Wallenberg is Here! brings a historical story as historical fiction, a novel with dialog, conflict, and suspense. Character contrast is shown between the selfless Wallenberg and his greatest foe, Adolph Eichmann—"the bloodhound" of the Jews. The story gives a detailed chronology; each scene begins with a heading of the date and exact place, even to precise streets or buildings in Buda or Pest, the two parts of Budapest. For further variation, Wallenberg is Here! alternates between short narrative prose describing overall events, scenes involving Wallenberg and his associates, and anecdotal scenes with various individual Jews – some of whom soon perish, others who escape impending destruction, and others who are rescued by Wallenberg.
The horrific story is (of course) similar to others from the Holocaust, with events that call to mind, for example, scenes from the movie "Schindler’s List." In tribute to that now well-known event, the author includes brief dialog referring to Schindler. Though Wallenberg’s story takes place outside the concentration camps, it includes all the other horrors: innocent people shot at random in the streets; Jews herded onto cattle cars; others shot and thrown into the Danube River; and still more marched for miles to the nearest train loading points. As with any book dealing with this subject, Wallenberg is Here! does not make for easy, fun or light reading. But the real world often contains such unpleasant and depressing events, and Wallenberg offers hope in the midst of a terrible situation. Though Wallenberg and his associates are hopelessly outnumbered, they do what they can, giving protective custody with Swedish Schutzpasses to thousands. As the persecution intensifies, and anarchy reigns in the new Hungarian "Arrow Cross" government, all Wallenberg can do is put out small fires in a blazing forest – jumping from one emergency to another, and the reader feels the hopelessness of the situation. Yet from the many Jews saved from each crisis, spreads the whisper "Wallenberg is here."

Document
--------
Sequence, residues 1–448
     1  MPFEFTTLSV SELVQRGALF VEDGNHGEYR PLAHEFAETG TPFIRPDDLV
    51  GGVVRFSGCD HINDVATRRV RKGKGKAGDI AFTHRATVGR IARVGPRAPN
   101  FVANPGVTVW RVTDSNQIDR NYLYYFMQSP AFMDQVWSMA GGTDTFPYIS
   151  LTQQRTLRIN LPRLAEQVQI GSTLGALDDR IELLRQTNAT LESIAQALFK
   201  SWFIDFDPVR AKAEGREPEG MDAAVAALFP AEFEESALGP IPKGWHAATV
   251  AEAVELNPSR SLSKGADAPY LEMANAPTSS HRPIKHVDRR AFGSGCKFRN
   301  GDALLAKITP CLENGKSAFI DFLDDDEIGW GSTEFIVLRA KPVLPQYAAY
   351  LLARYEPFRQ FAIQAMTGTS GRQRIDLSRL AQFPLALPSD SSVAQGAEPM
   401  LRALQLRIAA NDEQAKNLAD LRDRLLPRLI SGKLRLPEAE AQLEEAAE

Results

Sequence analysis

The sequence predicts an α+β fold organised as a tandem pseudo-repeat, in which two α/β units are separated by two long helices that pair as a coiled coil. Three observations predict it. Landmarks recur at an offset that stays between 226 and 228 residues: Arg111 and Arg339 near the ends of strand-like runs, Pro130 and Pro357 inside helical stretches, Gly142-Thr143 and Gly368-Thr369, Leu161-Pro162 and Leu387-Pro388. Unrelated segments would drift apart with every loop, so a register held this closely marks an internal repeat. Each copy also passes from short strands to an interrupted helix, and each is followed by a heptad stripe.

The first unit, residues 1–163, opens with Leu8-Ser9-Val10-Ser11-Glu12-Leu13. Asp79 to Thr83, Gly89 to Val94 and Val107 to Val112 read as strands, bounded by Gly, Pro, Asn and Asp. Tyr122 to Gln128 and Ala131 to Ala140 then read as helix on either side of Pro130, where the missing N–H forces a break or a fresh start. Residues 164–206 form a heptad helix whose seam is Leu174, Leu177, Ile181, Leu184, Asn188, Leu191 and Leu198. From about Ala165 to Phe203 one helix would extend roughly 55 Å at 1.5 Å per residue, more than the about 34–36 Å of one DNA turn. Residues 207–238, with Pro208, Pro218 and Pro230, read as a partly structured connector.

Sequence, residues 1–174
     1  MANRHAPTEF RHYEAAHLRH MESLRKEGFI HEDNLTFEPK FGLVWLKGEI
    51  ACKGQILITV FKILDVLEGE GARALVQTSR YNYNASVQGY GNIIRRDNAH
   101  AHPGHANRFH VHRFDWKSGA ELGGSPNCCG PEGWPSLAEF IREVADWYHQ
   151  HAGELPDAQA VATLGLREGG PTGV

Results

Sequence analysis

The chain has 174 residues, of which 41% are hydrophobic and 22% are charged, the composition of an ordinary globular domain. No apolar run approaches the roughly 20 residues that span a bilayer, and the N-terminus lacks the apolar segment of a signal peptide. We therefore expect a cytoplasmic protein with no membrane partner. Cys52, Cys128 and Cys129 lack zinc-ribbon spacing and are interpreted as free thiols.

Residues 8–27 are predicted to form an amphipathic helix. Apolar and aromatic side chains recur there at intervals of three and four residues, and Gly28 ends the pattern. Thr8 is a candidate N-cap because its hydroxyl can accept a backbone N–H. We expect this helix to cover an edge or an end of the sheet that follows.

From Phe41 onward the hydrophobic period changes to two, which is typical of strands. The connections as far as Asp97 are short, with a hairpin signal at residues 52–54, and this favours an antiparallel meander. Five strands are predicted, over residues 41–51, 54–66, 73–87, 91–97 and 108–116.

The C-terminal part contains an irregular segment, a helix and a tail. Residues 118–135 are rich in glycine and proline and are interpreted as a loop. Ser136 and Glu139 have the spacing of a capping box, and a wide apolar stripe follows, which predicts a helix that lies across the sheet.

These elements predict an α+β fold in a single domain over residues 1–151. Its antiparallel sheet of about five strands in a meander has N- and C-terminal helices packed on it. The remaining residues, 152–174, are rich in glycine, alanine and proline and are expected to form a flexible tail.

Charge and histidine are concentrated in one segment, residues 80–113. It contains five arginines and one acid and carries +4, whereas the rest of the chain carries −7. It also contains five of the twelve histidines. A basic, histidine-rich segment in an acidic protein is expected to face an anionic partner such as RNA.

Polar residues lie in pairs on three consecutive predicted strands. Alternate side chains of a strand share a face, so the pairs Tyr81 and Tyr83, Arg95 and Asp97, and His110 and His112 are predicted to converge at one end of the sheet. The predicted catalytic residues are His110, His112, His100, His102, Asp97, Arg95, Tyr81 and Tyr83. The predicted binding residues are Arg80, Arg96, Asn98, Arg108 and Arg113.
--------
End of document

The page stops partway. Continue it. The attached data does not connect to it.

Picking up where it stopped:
Steinhouse concludes the intriguing "hero" story with its tragic aftermath, in which Wallenberg quickly disappeared behind the Iron Curtain. Unbeknownst even to Wallenberg, a new Cold War had begun even before the "hot war" had ended, by January 1945. Having told a great, true story from history, the author adds a call for action – for the U.S. government and the world to learn the rest of the story from the former Soviet Union.